Retirement assets may be a very large part of a person’s estate at death. It’s important to consider the income tax ramifications of naming a beneficiary, as well as protecting those assets for the beneficiaries. This article considers some of these issues. 6 Important Estate Planning Considerations – Part 5: Retirement Assets … [Read more...] about 6 Important Estate Planning Considerations – Part 5: Retirement Assets
Perhaps the largest part of most Americans’ wealth is in their qualified plan or IRA. Planning for these assets is one of the most important parts of the estate plan, for many reasons. This article will discuss the importance of beneficiary designations. Planning for Retirement Plans and IRAs: Beneficiary Designation … [Read more...] about Planning for Retirement Plans and IRAs: Beneficiary Designation
Retirement takes planning. This article includes milestone ages, such as when you must begin taking distributions from retirement plans. The article also includes links to resources which will be helpful in your retirement planning process. Age-Related Retirement Milestones … [Read more...] about Age-Related Retirement Milestones
If your husband or wife survives you, and you have funds in a 401(k), can you disinherit him or her from your retirement account and leave the funds directly to your children – or to another beneficiary? Not without your spouse’s consent. Under a federal law called the Employee Retirement Income Security Act (ERISA), your 401(k) must go to your spouse, unless he or she has signed a written waiver … [Read more...] about Can I Disinherit My Spouse From My 401(k)?
Planning for retirement is no simple task. In addition to figuring out how much you’ll need to live on and how much you should set aside each year, there are so many retirement plans to choose from, each with its own rules and regulations. Here are a few common retirement plan myths, along with the facts you should know. · Your choice of IRA beneficiary is “locked in” once you reach age 70 … [Read more...] about Retirement Plans: Separating Fact From Fiction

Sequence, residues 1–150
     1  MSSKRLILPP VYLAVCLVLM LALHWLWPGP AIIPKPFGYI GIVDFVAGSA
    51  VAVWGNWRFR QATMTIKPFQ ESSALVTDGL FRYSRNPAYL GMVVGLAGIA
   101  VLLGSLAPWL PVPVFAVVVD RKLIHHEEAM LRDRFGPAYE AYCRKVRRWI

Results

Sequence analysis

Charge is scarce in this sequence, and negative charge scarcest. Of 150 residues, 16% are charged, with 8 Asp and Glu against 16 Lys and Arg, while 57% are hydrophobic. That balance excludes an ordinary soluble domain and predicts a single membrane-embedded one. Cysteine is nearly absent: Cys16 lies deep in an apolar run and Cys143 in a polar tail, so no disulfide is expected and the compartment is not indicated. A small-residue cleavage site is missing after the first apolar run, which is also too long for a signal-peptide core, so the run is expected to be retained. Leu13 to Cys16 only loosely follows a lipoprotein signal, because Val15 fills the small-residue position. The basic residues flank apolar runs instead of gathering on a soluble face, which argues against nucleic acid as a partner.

When you leave your 401(k) to a designated beneficiary, the money that beneficiary withdraws from your plan is counted as his or her income, and your beneficiary will be liable for income taxes on any withdrawals he or she takes. While you’re alive, you have the option of taking money out of your plan, or leaving it in the plan and allowing it to grow, at least until you reach age 70 ½. After … [Read more...] about Are Withdrawals From an Inherited 401(k)Taxable?
If you work for a private employer, such as a corporation, you likely have a traditional 401(k) plan. And if you don’t have one, you’re likely to be at least familiar with them. A traditional 401(k) plan is a retirement savings plan that’s sponsored by your employer, and that is funded via payroll deduction with pre-tax dollars. Recently, though, a new kind of 401(k) has gained popularity. It’s … [Read more...] about The Roth 401(K)
One of the main goals in having a Power of Attorney is to allow your agent (also called your attorney-in-fact) to fully manage your finances in the event that you develop Alzheimer’s disease, have a stroke, or otherwise become mentally incapacitated. If this happens, you want your agent to be able to step in and take over your financial accounts and your investments. For most people, this … [Read more...] about Power of Attorney and 401(k)? Make Sure They Work Together
If you have an urgent situation – educational expenses, medical bills, a new house – it’s tempting to take an early withdrawal from your retirement account. But, before you do, think about the true impact the decision will have on your finances. What happens when you take money out of your 401(k), IRA, or other retirement account before you reach age 59 ½? Taxes An early distribution from a … [Read more...] about How Much Does an Early Distribution Really Cost?
Qualified retirement plans, such as 401(k)’s and IRA’s have a terminology all their own. Any withdrawal from your account that you take after you reach age 59 ½ is called a Normal Distribution. A Normal Distribution is not the same as a Required Minimum Distribution (RMD). From age 59 ½ to age 70 ½, you’re free to withdraw any amount you wish from your retirement account, including nothing at … [Read more...] about What’s the Difference Between a Normal Distribution and A Required Minimum Distribution?